After almost a year, high school sports poised to resume
by Steven Felschundneff | firstname.lastname@example.org
To paraphrase Prince’s tune “Nothing Compares 2 U,” it’s been 10 months and eight days since they took the sports away. But this Saturday the pandemic hiatus is set to end when the Claremont High School cross country team travels to Ayala for a dual meet. Maybe.
As of Wednesday evening, the approval for the meet had not been finalized. However, Claremont is scheduled to race against Glendora following a separate meet between Ayala and Bonita earlier in the day. Colony and Alta Loma high schools elected not to field teams this year.
Coach Bill Reeves said that if they cannot get the final approval to race at Ayala then he will host Glendora at CHS. “I am hoping for Ayala Park, I don’t want to do it here. But if we have to, it is what it is. We are not going to take a day off, we have had 11 months of that.”
Asked about the struggles coaching the team during the pandemic, Coach Reeves said that it has been hard on the team, and a lot of work.
“It’s a lot of stress for the kids, as you can see we have about 30 [runners.] In the summer we had about 60, so we are down about half. Our normal team has around 90. It’s just really hard on the kids starting and stopping,” Coach Reeves said.
Los Angeles County, along with 52 of the state’s 58 counties, remains in the most restrictive tier of the state’s reopening plan, so any play will be far from sports as we knew it before the coronavirus. Social distancing and mask requirements will be enforced, and the teams will run back-to-back dual meets, with each school competing in just one race for boys and one for girls. But it’s a start.
The Palomares League cross country meets generally involve all five teams in mass start races for freshman, junior varsity and varsity runners. That won’t be happening. The league championship is scheduled for March 15, but that is still on hold. If, however, the local case rate drops enough that the county is moved from a widespread outbreak to substantial one, then the championships could go on as planned. But, it is complicated because every individual district and county has to approve it.
Asked about his teams’ current mental state, Coach Reeves said they have a good attitude in spite of the constant interruptions. “They love being out here every day,” he said.
“I am super excited, we had some inner squad stuff, but its definitely different going against a different team,” junior Maddie Coles said about this weekend’s meet. She has been a champion runner for the Pack in both her freshman and sophomore years, so the interruption is a disappointment, but she still has one more chance, if by next fall cross country can resume a regular schedule. “I am really hoping for a normal season next year.”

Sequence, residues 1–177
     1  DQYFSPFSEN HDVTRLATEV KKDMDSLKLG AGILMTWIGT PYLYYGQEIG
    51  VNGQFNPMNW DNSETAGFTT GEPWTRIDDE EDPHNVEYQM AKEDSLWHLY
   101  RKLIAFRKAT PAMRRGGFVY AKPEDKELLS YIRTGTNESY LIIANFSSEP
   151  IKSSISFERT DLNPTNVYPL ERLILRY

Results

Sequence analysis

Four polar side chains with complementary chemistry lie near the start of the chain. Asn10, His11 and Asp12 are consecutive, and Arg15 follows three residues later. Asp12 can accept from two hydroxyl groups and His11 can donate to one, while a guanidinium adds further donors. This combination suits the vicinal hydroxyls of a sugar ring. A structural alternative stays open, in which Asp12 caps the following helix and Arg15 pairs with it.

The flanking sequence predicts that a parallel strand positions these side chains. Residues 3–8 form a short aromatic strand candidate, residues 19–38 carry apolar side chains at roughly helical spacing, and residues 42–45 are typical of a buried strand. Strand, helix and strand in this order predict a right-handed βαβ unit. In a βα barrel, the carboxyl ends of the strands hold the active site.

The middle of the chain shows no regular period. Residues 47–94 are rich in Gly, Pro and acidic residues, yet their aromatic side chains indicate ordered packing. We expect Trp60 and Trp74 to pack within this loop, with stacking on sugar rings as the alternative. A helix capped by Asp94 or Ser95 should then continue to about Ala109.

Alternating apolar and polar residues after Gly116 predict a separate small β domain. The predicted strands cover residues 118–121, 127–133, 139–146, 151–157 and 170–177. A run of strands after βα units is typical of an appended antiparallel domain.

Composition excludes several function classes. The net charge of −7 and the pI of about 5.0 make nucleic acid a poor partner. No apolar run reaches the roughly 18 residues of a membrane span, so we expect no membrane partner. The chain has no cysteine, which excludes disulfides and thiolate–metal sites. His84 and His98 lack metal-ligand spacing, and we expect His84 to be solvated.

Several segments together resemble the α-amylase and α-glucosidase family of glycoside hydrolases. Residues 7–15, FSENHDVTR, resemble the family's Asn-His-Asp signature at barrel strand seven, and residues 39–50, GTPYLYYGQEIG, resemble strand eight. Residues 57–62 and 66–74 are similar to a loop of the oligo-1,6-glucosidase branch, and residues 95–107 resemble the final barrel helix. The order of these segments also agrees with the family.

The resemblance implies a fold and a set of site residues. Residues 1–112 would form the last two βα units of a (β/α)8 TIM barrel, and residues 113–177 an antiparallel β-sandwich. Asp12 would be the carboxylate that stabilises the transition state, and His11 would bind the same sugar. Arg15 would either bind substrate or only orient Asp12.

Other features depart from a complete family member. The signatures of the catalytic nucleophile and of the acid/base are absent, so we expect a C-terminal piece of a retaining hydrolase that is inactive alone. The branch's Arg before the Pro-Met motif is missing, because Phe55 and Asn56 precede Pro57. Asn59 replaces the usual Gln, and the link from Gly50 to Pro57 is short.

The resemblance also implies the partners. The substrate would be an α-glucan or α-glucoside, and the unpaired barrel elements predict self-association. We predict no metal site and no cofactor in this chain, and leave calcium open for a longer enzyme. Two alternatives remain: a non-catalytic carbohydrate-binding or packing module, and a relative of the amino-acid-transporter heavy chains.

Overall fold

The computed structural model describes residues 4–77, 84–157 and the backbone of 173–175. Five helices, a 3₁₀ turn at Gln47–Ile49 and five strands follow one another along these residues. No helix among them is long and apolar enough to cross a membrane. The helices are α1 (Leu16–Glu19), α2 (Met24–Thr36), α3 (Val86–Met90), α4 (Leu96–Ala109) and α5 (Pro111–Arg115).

“I feel like after months of training we finally are being rewarded and it’s exciting to see all of our training pay off,” senior Angie Gushue said. “I am grateful that we have any sort of season.” She has committed to be a runner at Claremont McKenna College coming next fall.
Under current CIF rules, which are dictated by the California Department of Public Health, the only CHS sports that can return to competition are cross country, tennis, golf, swimming and track and field. Furthermore, travel is restricted to just counties that share at least one border.
On Tuesday the cross country team was holding its practice at the CHS track, which was an unusually busy place with many athletes, some much older than high school students, conducting workouts. Coaches told the COURIER the CHS field is one of the only sports complexes in the area that is open, which has attracted a number of teams, including University of La Verne.
Tennis coach Kathy Settles has been on the courts for four hours every day with back-to-back workouts for the boys and girls teams. In a normal year, girls tennis is a fall sport and boys compete in the spring, but now that the seasons have been truncated they will not only be practicing together, the matches will be comingled as well.
“It feels like one big family,” she said about having the teams together. Although a socially distanced family.
Organizing the workouts has been pretty easy so far because her players are all very skilled and even before the coronavirus she would hold coed practice for the better players.
“I feel really fortunate to give these kids a place to come out, play their sport and interact with their peers. They really need to get out and resume some normal activities,” Coach Settles said.
When competition resumes next month, she will have to organize matches with eight courts going simultaneously, which could be a challenge. But again, the Pack’s high level of experience will make that task easier.
Currently, San Bernardino teams can’t travel to Los Angeles County for competition so the only league matches that the team can count on are against Bonita and Glendora. As of this week, the first match is scheduled for March 2 against Los Osos at CHS, followed two days later with a home match against Palm Desert. However, those matches may be scrapped due to the travel restrictions. In that case the Pack’s first competition will be at home on March 16 against Arcadia.
Asked about resuming competition, Coach Settles said, “It’s really exciting and it happened so fast. I did not think it was going to happen.”